For all intents and purposes, Turkey has given up on the European Union, recognising it as a bastion of Islamophobia and captive to US diktat. As Switzerland bans minarets and France moves to outlaw the niqab, the popular Islamist government in Istanbul moves in the opposite direction — supporting the freedom to wear headscarfs, boldly criticising Israel and building bridges with Syria. This is nothing less than a fundamental realignment of Turkish politics towards Turkey’s natural allies — the Arabs … and the Russians.

This new alignment with Russia began in 2001 when Turkish and Russian foreign ministers signed the Eurasia Cooperation Action Plan. It went into high gear in February 2009, when Turkish President Abdullah Gul made a state visit to Russia, including a visit to the Russian Federation’s thriving and energy-rich Autonomous Republic of Tatarstan, populated by a majority of Muslim Turks, with pipelines, nuclear energy and trade the focus of attention.

In the past, Russia had poor relations with Turkey, which since its founding as a republic in 1922 was firmly in the Western camp and seen by Moscow as a springboard for infiltration into the Caucasus and its Turkic southern republics. With the collapse of the Soviet Union in 1991, Yeltsin’s Russia acquiesced to US hegemony in the region, and as part of this opening to the West, Turkish schools, construction firms and traders came in great numbers to the ex-Soviet “stans” (Uzbekistan, Kazakhstan, Kyrgyzstan, Tajikistan and Turkmenistan). 9/11 convinced Russian president Vladimir Putin to go so far as welcoming US military bases in the most strategic “stans”. The old Great Game appeared to be over, lost resoundingly by Russia.

But as the world tired of the US-sponsored “war on terrorism”, it seemed the Great Game was not over after all. A NATO member, Turkey was soon joined by Bulgaria and Romania, making the Black Sea a de facto NATO lake, alarming a now resurgent Russia.

Ukraine’s Western-backed “Orange Revolution” in 2004 further tilted the balance away from Russia, with Ukrainian President Viktor Yushchenko defiantly vowing to join NATO and kick the Russian fleet out of Crimea. He even armed Georgia in its war with Russia in 2008.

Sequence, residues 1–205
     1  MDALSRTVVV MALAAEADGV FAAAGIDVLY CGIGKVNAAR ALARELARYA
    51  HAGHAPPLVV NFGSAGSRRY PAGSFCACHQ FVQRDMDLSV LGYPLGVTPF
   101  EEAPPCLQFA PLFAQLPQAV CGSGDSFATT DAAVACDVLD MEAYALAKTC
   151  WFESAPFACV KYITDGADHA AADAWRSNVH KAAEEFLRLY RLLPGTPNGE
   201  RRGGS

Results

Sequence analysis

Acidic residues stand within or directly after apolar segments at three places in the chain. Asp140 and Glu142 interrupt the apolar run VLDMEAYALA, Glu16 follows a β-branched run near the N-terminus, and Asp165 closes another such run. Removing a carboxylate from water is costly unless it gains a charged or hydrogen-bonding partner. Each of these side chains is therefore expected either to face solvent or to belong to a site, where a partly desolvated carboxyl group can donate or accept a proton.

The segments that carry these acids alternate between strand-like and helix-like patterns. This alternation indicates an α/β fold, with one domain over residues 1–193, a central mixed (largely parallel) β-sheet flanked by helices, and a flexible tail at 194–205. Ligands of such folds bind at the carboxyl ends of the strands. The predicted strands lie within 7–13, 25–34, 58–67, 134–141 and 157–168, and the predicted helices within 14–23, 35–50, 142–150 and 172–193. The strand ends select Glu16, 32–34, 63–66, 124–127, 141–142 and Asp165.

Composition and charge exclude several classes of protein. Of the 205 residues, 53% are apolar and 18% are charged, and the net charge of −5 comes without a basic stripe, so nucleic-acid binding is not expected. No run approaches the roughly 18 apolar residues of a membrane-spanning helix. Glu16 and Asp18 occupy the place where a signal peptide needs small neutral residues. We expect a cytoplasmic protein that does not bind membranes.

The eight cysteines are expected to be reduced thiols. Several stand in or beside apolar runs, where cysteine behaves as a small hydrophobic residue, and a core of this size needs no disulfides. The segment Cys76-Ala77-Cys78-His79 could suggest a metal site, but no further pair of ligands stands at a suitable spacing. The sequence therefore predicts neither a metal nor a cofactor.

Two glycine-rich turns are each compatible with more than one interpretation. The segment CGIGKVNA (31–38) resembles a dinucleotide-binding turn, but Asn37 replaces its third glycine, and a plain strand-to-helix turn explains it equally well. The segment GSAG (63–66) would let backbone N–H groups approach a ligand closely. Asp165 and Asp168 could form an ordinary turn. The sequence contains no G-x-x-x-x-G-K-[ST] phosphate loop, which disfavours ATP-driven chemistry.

However, not only Russia was fed up with the new pax americana. Over 90 per cent of Turks had an unfavourable view of the US by 2007. It is no surprise that Turkey began to back away from unconditional support of NATO and the US, notably, during the 2003 invasion of Iraq, by its refusal in 2008 to allow US warships through the Bosphorus Strait to support Georgia, and by its outspoken criticism of Israel following the invasion of Gaza that year.

In contrast to the US-sponsored colour revolutions in the ex-socialist bloc, Turkey’s “Green Revolution” brought the religious-oriented Justice and Development Party to power in 2002. Its political direction has been in search of balance in the region and peaceful relations with its neighbours, including Armenia and the Kurds. In 2004 Russian president Vladimir Putin signed a joint declaration of cooperation in Ankara, updated in February 2009 by Gul and Russian President Dmitri Medvedev in Moscow. Gul declared, “Russia and Turkey are neighbouring countries that are developing their relations on the basis of mutual confidence. I hope this visit will in turn give a new character to our relations.”

Key to this is Turkey’s proposal for the establishment of a Caucasus Stability and Cooperation Platform. Following Gul’s visit, Turkish media even described Turkish-Russian relations as a “strategic partnership”, which no doubt set off alarm bells in Washington.

None of this would be taking place without solid economic interests. Turkish-Russian economic ties have greatly expanded over the past decade, with trade reaching $33 billion in 2008, much if it gas and oil, making Russia Turkey’s number one partner. They may soon use the Turkish lira and the Russian ruble in foreign trade.